The unpredictable nature of competitions was another factor that rendered them controversial. In the case of commemorative work there was always the possibility that the commission would not proceed. In 1898 and again in 1907, for example, competitions were held for a proposed commemoration of Theobald Wolfe Tone at the north-west corner of St Stephen’s Green, Dublin. In spite of designs being submitted in both instances, the project faltered through lack of funds and eventually collapsed. The commemoration was revisited in the 1960s to more profitable ends, when a Wolfe Tone Memorial Competition, held in 1964, resulted in a statue being sited at a different corner of the Green [94]. The designs – joint submissions from sculptors and architects – were exhibited publicly at the NCA (later NCAD). Premiums were awarded to the three best designs: first, £500, to Edward Delaney (qv) and Noel Keating; second, £300, to Hilary Heron (qv) and S.F. Maskell (ill. IT, 16 October 1964); third, £150, to Frank Morris (qv), Francis Barry and John O’Hara. The competition judges were public servant Dr. C.S. (Todd) Andrews, painter Maurice MacGonigal and architects Andrew Devane and Gerard McNicholl (IT, 16 October 1964). No sculptor was a member of the judging panel. An even more impressive example of the unpredictability associated with competitions was the international search, in the early 1950s, to choose a sculptor to commemorate the Unknown Political Prisoner in a monument intended for Berlin. In February 1952 Henry Moore announced in London what purported to be a competition on a vast scale, inviting sculptors to submit sketch models within their own country, where a local committee would select a short list. Optimistic sculptors were, therefore, potentially submitting to two competitions – one national, the other international. Of the approximately thirty sculptors who declared an interest in Ireland, eighteen finally submitted maquettes, among whom Trevor Cox (who became William Trevor) [81] and Friedrich Herkner (qqv) [142] were selected. Their designs represented Ireland in the exhibition at the Tate Gallery, London, in March 1953, along with the work of sculptors from more than fifty other countries. Cox and Herkner were competing with such luminaries as Alexander Calder, Naum Gabo and Barbara Hepworth. Both were awarded £50 in the local competition, but only Cox was among the prize-winners in London, when he was selected as one of eighty recipients who were awarded £25 by ‘a distinguished International Jury’ (catalogue of the exhibition of the Unknown Political Prisoner International Sculpture Competition, Tate Gallery, 1953). The ultimate prize went to English sculptor Reg Butler, who was awarded the commission, but his design was never realized as the project was ultimately shelved.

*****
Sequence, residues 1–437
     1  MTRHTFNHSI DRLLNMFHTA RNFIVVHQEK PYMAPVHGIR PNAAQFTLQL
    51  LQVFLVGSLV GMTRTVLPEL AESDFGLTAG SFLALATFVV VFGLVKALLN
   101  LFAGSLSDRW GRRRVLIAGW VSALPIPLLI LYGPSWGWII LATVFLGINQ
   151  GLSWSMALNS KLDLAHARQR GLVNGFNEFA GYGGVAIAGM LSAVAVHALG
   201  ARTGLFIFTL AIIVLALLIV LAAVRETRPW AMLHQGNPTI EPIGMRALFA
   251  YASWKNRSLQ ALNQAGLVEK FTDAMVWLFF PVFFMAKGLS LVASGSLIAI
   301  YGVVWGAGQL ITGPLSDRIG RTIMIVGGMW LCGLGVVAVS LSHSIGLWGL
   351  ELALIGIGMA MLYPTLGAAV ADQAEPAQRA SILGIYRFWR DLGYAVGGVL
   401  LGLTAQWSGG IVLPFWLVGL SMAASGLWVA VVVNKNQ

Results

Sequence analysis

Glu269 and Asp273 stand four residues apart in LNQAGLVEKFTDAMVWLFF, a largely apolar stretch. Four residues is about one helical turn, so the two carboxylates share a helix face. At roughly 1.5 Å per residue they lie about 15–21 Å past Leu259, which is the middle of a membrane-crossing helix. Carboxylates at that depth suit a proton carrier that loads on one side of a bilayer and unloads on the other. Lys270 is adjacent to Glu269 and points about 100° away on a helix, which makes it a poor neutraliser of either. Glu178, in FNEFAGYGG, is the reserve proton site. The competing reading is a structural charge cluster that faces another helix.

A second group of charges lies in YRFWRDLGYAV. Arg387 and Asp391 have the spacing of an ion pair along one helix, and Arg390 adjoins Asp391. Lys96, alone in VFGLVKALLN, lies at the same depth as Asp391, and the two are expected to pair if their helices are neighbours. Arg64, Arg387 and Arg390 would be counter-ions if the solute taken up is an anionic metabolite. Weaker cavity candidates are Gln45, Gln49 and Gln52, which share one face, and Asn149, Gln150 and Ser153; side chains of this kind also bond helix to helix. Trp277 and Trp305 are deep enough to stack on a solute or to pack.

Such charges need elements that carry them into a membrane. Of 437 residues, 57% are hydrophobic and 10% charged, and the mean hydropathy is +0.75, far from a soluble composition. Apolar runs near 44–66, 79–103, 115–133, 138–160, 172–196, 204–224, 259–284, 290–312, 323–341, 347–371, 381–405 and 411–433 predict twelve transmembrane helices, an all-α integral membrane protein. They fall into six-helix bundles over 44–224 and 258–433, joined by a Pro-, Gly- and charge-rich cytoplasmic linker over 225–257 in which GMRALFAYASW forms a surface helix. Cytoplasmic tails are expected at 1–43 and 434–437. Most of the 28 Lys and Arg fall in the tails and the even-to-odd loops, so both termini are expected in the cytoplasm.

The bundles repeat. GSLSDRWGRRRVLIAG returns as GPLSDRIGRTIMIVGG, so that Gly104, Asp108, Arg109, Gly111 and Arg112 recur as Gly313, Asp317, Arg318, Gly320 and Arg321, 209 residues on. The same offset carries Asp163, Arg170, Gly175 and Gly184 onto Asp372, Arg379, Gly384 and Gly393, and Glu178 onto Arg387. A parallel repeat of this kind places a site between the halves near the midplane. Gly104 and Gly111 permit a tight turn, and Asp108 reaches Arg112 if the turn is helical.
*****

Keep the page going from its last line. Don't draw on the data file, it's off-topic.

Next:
Sculpture competitions continued to be advertised through the twentieth and into the twenty-first century and were the preferred procedure of the SSI, when the society became involved in the management of public commissions. In 1989, the then chairman of the SSI, Michael Bulfin (qv), in a letter to the Irish Times, stated that ‘where public sculpture, public siting and public monies are involved, sculpture is no different from any other profession: the commission should be put to open tender’ (IT, 14 September 1989). Bulfin was responding to the decision of Bord Fáilte to offer a substantial commission – both in sculptural and financial terms – directly to one sculptor. Earlier in the same year Aosdána had discussed the inappropriateness of ‘gifted sculpture’ being located in the public domain without an open competition and the ensuing approval of a panel of experts (IT, 21 April 1989). The discussion focused on Anna Livia (by Eamonn O’Doherty) and Molly Malone (by Jeanne Rynhart (qv)), both erected in 1988, at the instigation of businessman Michael Smurfit and Matt McNulty (Bord Fáilte) respectively. The 1980s was a busy decade for sculpture competitions, some examples of which were: more than a hundred sculptors registered for the competition to select a single work for the courtyard of New Ireland’s property development at Wilton Place in 1985; eighty sculptors sought to participate in the Dublin Millennium Sculpture symposium in 1988, which would result in ten sculptors being chosen to create ten works for the city; and eight finalists were shortlisted for a sculpture to be sited on the roundabout approaching Dublin Airport, 1989 (IT, 8 May 1985; 2 March 1988; 6 March 1989). In 1995 six shortlisted sculptors were invited to submit maquettes for the commission to commemorate Oscar Wilde in a statue in Dublin [389] (Paula Murphy, ‘The Quare on the Square: A Statue of Oscar Wilde for Dublin’, in Jerusha McCormack (ed.), Wilde the Irishman, New Haven and London, 1998, pp. 127–39).

389. Maquettes submitted by Danny Osborne, Louise Walsh, Cathy Carman, Don Cronin, Brian King and Benedict Byrne, finalists in the competition for the Guinness Oscar Wilde Sculpture Commission for Merrion Square, Dublin, 1995, Guinness Archive, Diageo Ireland.

Simultaneously with the millennium project, in 1988 the people of Tallaght, in conjunction with Dublin City Council, became the first community in Ireland to be given the opportunity to choose a sculpture for their main street. Dick Joynt (qv), whose The Victors [390] was selected from the five short-listed sculptures, noted with admiration a process in which, for once, the local community served as the judging panel for a piece of public art (IT, 11 August 1988).